CHAMPAIGN - In years past, public discussions of the Champaign Police Department could be ugly affairs, typified by finger-pointing, misunderstandings and defensiveness.
Not so Tuesday.
A strategic plan presented by the departmental brass was met only by praise.
?I tell you what, it's a lot nicer to talk to people about the police department now than it was 18 to 20 years ago when I first got up here,? said council member J.W. Pirtle.
The five-year strategic plan was developed with the help of city consultant Lyle Sumek and considerable involvement from employees and the public, including a three-hour community summit attended by 45 community members last spring.
The plan consists of goals and objectives for the next five years, the activities or ?core businesses? that will be used to meet those goals, and a set of guiding values intended to guide police interaction with the community as the department goes about reaching its goals.
It is the guiding values, said City Manager Steve Carter, that provide the foundation for the department's long-range success.
?We have a very young department. They get a lot of technical training but the strategic plan provides some things we think are important in how officers conduct themselves as part of the broader community,? he said.
Deputy Chief Troy Daniels said the values are encapsulated in the phrase ?Service with PRIDE,? with the word PRIDE being an acronym for performance, results, integrity, dignity and enthusiasm.
Service, Daniels said, means being responsive to people's needs, helping with solutions, treating citizens as customers and doing so in a professional manner.
?We don't want officers sitting back waiting for problems to come to them,? he said.
There will be a new emphasis on personal accountability, self-improvement, teamwork, integrity, treating others respectfully, upholding the rights of all citizens and supporting diversity within the department.
Deputy Chief John Murphy said the plan goals were developed with a lot of thought, exchanges and follow-up with citizens. It was an enlightening experience in that officers learned that the services they thought people ought to have weren't always the kinds of services people themselves wanted.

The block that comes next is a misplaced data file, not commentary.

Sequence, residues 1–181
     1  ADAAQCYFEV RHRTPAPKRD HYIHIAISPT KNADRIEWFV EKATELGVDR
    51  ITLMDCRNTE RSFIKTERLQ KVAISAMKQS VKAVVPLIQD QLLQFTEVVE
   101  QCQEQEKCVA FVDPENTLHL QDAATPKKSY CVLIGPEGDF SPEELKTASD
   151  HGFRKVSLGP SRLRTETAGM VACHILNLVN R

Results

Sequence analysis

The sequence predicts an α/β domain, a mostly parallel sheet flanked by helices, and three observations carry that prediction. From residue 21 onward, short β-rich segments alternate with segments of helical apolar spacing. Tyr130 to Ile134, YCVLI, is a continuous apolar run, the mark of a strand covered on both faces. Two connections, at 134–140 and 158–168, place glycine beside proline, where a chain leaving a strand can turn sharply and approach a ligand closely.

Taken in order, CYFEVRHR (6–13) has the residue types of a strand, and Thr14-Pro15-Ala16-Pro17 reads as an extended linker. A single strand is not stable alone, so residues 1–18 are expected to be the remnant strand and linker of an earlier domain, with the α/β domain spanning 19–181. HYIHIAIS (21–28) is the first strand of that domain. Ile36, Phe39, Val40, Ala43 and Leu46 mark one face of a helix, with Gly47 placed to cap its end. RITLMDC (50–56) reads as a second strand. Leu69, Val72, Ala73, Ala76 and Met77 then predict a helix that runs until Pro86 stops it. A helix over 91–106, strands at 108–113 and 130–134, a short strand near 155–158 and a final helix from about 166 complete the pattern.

The goals are: policing with the community; safe streets, safe neighborhoods, safe community; safe place for kids to grow up; building a professional police department reflective of the community; and more effective use of technology, better police practices and greater efficiency. Each of those goals is accompanied by a list of objectives and definitions of what those goals mean to citizens and police officers.
Police Chief Jim Luecking said the plan is being developed as a working document with action steps for each objective and ways to measure and review progress toward those objectives.
Council members were highly complimentary of the plan.
Ken Pirok said he wanted to make sure the department was attentive to the need for objective treatment of all citizens regardless of race or where they lived.
Council member Tom Bruno, a defense lawyer, said of all the police departments with which he deals within 100 miles, Champaign's is far and away the most professional in officers' conduct in the courtroom, their use of the language and the professionalism of their reports.
Also Tuesday, the council gave tentative approval to the city's Neighborhood Services Department to solicit developer interest in commercial development on Bradley Avenue between Market Street and the Illinois Central tracks. The city has bought all the property and demolished most of the buildings that used to be on the site.
Staff members said landowners and a realty company city have inquired about building commercial property there.
The council also approved further negotiations with Herff Jones, Cap and Gown. The city has recently acquired the Beebe Trucking property at 738 N. Market St. that it wants to trade to Cap and Gown for Cap and Gown's parking lot directly east of Beardsley Park.
The city actions are part of a long-evolving plan to redevelop the Beardsley Park area, much of which has been improved in recent years with the investment of Community Development Block Grant funds. Some $2 million has been set aside this year and over the next two fiscal years for demolition and street reconstruction on portions of Eureka, North, Champaign and Beardsley streets.